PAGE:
Father creates a camera that detects when his baby is hungry

There’s nothing that can really prepare you for the rigors of being a new parent like crippling fatigue, but Caleb Olson has come up with a clever way to avoid at least one challenge of having a newborn: cry when hungry. Your new AI powered webcam detect signs of hunger before the tears begin to flow.

The last time we featured Olson’s work, he came up with a way to harness a backyard security camera to detect when your dog had pooped and then guide it to each deposit using a laser pointer attached to a robotic arm. It was over the top but surprisingly effective, but since then, the Olson family has added another mouth to feed. And this mouth starts crying loudly if its meals are late. The solution, once again, was to use an AI model capable of recognizing specific facial and body postures so that Olson could anticipate tears.

The Hungry Baby Alarm

Crying is actually considered a late-stage sign that a baby is hungry, and unfortunately, when a newborn reaches the point of being physically upset as a result, it can make feeding more of a challenge. It’s best to feed a hungry baby before he cries, but it’s also almost impossible to maintain a continual vigil for other signs of hunger when you’re struggling to balance all the tasks that a newborn brings along with exhaustion.

Most new parents also have a camera pointed at a baby that streams live video to devices like a phone, which Olson cleverly upgraded to autonomously watch for telltale signs of hunger. These include lip smacking (opening and closing the mouth repeatedly), refusing a pacifier, searching and moving the head back and forth to find a food source, and bringing the fists to the mouth.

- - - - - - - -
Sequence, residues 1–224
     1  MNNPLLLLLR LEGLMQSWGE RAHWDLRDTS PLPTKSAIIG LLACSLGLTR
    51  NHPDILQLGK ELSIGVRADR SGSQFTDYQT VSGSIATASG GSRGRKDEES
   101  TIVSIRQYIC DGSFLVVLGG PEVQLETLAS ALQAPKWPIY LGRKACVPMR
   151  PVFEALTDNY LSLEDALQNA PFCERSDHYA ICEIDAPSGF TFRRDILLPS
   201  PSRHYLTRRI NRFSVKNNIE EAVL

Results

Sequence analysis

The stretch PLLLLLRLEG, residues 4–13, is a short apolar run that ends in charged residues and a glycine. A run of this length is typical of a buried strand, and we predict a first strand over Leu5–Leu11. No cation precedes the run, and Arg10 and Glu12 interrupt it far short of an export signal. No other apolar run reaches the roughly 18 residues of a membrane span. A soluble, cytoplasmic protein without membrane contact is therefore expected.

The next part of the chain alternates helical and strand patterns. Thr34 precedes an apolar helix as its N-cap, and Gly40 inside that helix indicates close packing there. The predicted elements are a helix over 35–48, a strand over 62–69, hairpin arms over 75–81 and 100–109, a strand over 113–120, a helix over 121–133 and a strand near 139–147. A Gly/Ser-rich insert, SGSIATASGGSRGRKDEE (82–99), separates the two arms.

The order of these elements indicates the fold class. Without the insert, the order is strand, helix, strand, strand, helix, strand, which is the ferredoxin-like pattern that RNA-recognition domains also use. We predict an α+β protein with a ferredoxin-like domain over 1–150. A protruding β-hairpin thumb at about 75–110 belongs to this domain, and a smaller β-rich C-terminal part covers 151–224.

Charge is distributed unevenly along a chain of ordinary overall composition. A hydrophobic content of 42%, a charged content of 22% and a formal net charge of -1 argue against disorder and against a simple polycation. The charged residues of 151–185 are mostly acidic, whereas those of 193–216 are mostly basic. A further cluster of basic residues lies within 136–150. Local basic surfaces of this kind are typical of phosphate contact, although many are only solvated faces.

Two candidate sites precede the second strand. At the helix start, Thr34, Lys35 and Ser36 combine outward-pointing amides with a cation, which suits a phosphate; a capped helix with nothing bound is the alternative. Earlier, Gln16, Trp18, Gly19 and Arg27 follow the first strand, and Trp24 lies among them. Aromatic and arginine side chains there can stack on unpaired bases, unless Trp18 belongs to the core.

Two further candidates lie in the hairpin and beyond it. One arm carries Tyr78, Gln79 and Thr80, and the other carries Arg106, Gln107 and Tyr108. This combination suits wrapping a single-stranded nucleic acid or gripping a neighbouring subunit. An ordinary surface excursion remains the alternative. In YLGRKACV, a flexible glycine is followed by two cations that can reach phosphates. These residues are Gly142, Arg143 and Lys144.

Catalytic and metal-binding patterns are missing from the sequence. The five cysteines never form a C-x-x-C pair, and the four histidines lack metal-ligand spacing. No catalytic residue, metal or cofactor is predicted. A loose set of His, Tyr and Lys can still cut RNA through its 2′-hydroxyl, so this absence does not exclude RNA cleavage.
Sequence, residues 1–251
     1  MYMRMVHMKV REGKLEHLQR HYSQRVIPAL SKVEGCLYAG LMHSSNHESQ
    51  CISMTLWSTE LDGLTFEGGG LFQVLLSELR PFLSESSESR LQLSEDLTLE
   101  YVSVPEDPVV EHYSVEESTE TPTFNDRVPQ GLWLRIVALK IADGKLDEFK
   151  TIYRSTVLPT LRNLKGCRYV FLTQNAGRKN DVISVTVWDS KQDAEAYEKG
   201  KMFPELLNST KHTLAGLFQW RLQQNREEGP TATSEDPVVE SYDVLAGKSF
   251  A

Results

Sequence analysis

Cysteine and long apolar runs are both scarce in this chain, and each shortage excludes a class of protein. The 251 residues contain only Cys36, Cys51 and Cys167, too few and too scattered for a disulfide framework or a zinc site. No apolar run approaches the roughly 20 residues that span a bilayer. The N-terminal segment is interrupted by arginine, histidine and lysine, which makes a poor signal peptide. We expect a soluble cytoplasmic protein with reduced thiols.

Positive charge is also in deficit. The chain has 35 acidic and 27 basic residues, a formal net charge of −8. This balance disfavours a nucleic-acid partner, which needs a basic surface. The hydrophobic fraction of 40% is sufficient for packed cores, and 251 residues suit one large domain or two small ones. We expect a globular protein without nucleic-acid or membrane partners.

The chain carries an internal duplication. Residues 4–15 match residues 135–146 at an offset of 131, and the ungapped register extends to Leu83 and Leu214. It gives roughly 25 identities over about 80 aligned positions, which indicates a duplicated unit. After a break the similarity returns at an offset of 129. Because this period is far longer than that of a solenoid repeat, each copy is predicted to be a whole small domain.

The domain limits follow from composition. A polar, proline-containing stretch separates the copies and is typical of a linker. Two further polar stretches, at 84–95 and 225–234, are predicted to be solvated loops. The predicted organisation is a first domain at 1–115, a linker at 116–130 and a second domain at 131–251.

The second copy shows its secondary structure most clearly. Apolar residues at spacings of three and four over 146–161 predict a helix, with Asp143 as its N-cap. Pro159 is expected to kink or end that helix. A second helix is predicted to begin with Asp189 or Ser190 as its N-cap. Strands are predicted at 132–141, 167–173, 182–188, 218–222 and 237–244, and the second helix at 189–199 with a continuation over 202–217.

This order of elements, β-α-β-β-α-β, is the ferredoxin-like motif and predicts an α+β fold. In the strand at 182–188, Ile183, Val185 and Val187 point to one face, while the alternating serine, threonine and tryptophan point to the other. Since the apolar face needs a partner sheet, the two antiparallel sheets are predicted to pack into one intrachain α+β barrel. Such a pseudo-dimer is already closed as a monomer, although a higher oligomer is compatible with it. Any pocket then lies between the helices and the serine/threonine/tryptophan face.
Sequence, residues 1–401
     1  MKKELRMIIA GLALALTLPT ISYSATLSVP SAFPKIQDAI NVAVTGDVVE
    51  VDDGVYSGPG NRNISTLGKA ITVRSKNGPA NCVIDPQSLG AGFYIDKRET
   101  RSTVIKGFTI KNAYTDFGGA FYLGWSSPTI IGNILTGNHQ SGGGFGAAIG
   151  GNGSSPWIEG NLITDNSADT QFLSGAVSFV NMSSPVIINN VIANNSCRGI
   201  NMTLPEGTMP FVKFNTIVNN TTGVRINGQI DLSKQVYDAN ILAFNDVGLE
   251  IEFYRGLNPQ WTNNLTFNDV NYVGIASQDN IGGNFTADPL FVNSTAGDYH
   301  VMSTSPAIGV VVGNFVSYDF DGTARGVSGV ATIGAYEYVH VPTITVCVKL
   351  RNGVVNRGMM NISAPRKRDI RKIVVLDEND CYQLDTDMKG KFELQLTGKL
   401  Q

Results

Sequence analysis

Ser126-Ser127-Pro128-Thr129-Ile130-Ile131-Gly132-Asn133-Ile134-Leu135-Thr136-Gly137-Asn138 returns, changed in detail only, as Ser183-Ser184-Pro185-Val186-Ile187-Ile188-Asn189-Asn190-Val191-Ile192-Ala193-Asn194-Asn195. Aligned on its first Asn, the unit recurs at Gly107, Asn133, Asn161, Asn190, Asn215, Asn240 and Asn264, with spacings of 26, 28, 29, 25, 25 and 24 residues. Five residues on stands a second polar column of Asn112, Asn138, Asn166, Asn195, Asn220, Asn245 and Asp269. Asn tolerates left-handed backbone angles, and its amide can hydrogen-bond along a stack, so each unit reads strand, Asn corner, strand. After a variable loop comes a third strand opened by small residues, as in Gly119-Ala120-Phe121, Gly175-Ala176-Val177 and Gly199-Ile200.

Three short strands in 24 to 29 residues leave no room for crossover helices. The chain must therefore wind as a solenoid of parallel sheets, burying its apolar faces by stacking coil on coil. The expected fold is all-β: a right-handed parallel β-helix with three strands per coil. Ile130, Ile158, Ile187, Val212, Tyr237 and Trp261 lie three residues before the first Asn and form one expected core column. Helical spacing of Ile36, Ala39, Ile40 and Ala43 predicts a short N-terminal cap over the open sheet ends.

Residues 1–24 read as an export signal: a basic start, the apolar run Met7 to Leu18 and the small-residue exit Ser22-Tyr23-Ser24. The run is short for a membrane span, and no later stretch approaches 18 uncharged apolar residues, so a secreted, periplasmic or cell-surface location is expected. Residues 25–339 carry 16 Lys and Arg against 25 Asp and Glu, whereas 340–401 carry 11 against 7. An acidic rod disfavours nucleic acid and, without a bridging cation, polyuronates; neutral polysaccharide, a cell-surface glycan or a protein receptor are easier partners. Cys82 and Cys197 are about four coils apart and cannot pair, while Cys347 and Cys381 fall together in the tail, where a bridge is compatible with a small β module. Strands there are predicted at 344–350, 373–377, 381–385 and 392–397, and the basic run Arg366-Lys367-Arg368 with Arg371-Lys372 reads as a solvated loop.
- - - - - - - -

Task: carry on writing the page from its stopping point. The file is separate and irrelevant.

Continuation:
Olson used machine learning Google’s MediaPipe to monitor live streaming from the camera and look for these movements and behaviors, but on their own, they don’t necessarily mean a newborn is ready for a meal. So Olson assigned these behaviors different levels of importance, and as they are detected, they contribute to an overall score. Once the score passes a certain threshold, Olson’s phone receives a notification that his baby is ready to feed. Sometimes a pacifier accidentally falls out of a baby’s mouth, or a yawn can feel like the beginning of a lip smack when it’s just a yawn.

The system isn’t 100% foolproof, and in the video, Olson assures us that her family continues to prioritize her pediatrician’s advice when it comes to feeding her newborn. But even if it doesn’t prevent crying all the time (there are still plenty of reasons a baby will cry), the few times it can prevent tears so Olson and his partner can get a few extra minutes of sleep makes it completely worth it. the effort.

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